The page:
The famous statue of Diana was of wood, some authors telling us it was constructed of ebony, others of cedar, and others of vine wood.

The worship of Diana was very elaborate, and the temple was not only the most prominent building in the city, but its chief source of wealth and influence. The whole of the provinces of Asia contributed to its erection. In this temple in ancient times hung the masterpiece of the celebrated artist Apelles, the subject being Alexander the Great, grasping a thunderbolt.

* The Life and Epistles of St. Paul, by THOMAS LEWIN, M.A., vol. i., p. 319, in the magnificently illustrated edition of George Bell and Sons, London.

EPHESUS IN ST. PAUL'S TIME

The first time that we find St. Paul at Ephesus was on his journey from Corinth to Jerusalem, A.D. 53. He sailed, St. Luke tells us, from Corinth, and with him Priscilla and her husband Aquila, fervent converts to the faith. St. Paul on his arrival in Ephesus disputed with the Jews in the synagogue, as his custom was in every place, but he remained no long time in the city. “When they desired him, that he would tarry a longer time, he consented not, but taking his leave, and saying, I will return to you again, God willing, he departed from Ephesus." *

After St. Paul had gone, leaving Priscilla and Aquila in Ephesus, the city was visited by a Jew named Apollo, or Apollos, "born at Alexandria, an eloquent man, mighty in the Scriptures." He had been a disciple of St. John the Baptist, and had been by him “instructed in the way of the Lord, and being fervent in spirit, spoke and taught diligently the things that are of Jesus, knowing only the Baptism of John.” Priscilla and Aquila heard him preaching in the synagogue, and found that he knew little or nothing of the Christian religion, except the great truth that Jesus was the Messiah. They therefore took him home and "expounded the way of the Lord to him more diligently." He converted several in Ephesus, and then sailed for Corinth with letters of introduction from the Christians of Ephesus to those of Corinth. Here he laboured much, and we read of him in the first Epistle to the Corinthians, which was written at Ephesus. It is supposed that he afterwards became Bishop of Corinth. During his third apostolic journey St. Paul visited * Acts xviii. 20.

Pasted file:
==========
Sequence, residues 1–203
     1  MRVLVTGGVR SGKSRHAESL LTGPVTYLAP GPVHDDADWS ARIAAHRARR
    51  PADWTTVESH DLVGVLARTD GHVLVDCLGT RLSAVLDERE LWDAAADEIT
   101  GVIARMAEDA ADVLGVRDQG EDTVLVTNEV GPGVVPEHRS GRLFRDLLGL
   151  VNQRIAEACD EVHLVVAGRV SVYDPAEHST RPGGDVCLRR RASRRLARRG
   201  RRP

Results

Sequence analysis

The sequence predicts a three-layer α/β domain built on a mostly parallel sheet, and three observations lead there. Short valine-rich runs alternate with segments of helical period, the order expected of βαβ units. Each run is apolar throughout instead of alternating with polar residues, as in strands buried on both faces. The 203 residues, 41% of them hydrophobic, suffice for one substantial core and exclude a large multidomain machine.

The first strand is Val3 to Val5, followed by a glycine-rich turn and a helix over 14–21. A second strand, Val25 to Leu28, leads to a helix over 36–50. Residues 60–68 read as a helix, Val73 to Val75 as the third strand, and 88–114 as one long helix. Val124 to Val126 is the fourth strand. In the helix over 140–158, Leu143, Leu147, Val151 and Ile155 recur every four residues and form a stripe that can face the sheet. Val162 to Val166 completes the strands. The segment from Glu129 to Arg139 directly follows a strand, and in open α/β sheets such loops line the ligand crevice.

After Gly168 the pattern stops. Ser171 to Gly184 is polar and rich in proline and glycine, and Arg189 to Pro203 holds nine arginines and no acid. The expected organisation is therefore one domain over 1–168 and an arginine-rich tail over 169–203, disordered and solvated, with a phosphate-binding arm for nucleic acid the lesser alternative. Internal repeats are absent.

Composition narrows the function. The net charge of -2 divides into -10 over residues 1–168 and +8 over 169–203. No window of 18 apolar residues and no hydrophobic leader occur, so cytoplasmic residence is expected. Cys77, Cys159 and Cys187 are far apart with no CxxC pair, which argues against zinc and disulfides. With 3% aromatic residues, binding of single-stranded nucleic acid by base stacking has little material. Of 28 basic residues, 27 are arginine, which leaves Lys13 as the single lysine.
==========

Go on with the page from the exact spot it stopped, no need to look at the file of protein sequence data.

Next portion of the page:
+ Acts xviii. 24.

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Ephesus again, remaining this time for more than two years. Probably the Apostle lodged at first in the house of Aquila, who was, like him, a tentmaker. That St. Paul worked for his own maintenance at his trade we infer from what he himself tells us in his Epistle to the Corinthians. He was in Ephesus when he wrote that Epistle. *

The first incident after his arrival is described by St. Luke. t The Apostle found twelve disciples who had been converted by the preaching of Apollos, but on inquiry he discovered that they had not received Christian Baptism, but only that of St. John. He instructed and baptized them “in the name of the Lord Jesus," which means with Christian Baptism in the Name of the Father, Son, and Holy Ghost. He then confirmed them, and the Holy Ghost came down upon them, and they spoke with tongues and prophesied.

St. Paul first preached to the Jews of Ephesus, going into the synagogue, expounding the Scriptures, proving that Jesus Christ was the promised Messiah, and explaining to them about the kingdom of God, that is, the Church. He persevered for three months, making many converts, but the majority hardened their hearts and resisted the grace of God.

As some of the Jews were inclined to inflame the multitude against the Apostle, he thought it more prudent to leave the synagogue and to address himself to the heathens. He therefore began “to dispute daily in the school of a man named Tyrannus.” † These public conferences "he continued for the space of two years," and great multitudes of Greeks as well as Jews heard the gospel

1 Cor. iv. 11, 12. + Acts xix. 1-8. I Acts xix. 9.